New Orleans, La. - It's a call few can imagine ever having to make. Still, in the United States, more than 2,000 children are reported missing every day.
Just the thought of losing a child can rattle the nerves of any parent. When trying to find a missing child, the first three hours are the most crucial but that time can be spent just reporting what happened to police.
Imagine being able to alert the proper authorities, the moment your child disappears.
"It's fairly new. It's a free app and it's the first of its kind," says FBI Special Agent-in-Charge Michael Anderson.
It's the FBI's "Child ID" app, and it can be downloaded on any iPhone or Android device
"You're able to store information on your child, photos, height and weight that you can put in the system," says Anderson.
Using a special tab on the app, you can call police on the spot and easily e-mail your child's information to investigators with only a few clicks.
"If you're living day-to-day in New Orleans, it will alert the NOPD or the Jefferson Parish Sheriff's Office and you can easily update that so you can email that out at a second's notice," says Anderson.
Everything on the app can be updated daily, giving police the most recent information and even photos that show exactly what your child was wearing.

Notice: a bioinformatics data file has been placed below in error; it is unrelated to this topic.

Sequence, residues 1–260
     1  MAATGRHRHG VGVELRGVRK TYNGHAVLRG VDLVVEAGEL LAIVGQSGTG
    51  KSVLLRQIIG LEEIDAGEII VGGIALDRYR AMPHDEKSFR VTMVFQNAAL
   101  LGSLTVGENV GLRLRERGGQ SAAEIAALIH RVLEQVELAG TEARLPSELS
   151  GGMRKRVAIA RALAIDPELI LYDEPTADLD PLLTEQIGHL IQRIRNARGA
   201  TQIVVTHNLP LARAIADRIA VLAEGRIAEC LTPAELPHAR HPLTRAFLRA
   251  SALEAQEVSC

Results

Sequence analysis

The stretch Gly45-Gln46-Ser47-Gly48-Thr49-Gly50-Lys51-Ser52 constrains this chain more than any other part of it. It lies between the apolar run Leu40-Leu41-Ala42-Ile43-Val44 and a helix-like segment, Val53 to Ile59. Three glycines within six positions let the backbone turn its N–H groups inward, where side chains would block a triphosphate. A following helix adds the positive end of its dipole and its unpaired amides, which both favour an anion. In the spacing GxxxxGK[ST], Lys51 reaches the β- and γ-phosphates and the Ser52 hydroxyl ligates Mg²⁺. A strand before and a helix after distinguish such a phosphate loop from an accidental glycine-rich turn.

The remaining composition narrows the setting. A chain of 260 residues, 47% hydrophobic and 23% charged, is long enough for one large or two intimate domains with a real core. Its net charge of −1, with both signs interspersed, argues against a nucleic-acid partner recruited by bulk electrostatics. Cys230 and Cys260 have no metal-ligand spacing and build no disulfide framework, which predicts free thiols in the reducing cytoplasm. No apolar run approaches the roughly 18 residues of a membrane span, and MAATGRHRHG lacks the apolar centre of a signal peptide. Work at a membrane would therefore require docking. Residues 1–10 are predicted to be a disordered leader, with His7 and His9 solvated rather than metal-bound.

"When something like that happens and your child is missing, you cannot find your child, there's a sense of panic," says Anderson.
"At the mall, if my 10-year-old daughter runs off for two minutes, I'm wondering what she has on and what she has in her hair," says Anitra Moore.
Moore is also the mother of an 11-year-old son, Jerry, who is autistic. "He doesn't speak, so he can't go and say, well, my name is this or my mom's name is this, so the app would be perfect," says Moore.
There are also safety tips available on the app and it can be used for the elderly as well.
The information you store in the app will only be stored in your phone. The FBI does not have access to it. And the app is password-protected, just in case your phone is lost or stolen.
It's a way to literally put your child's safety in your own hands.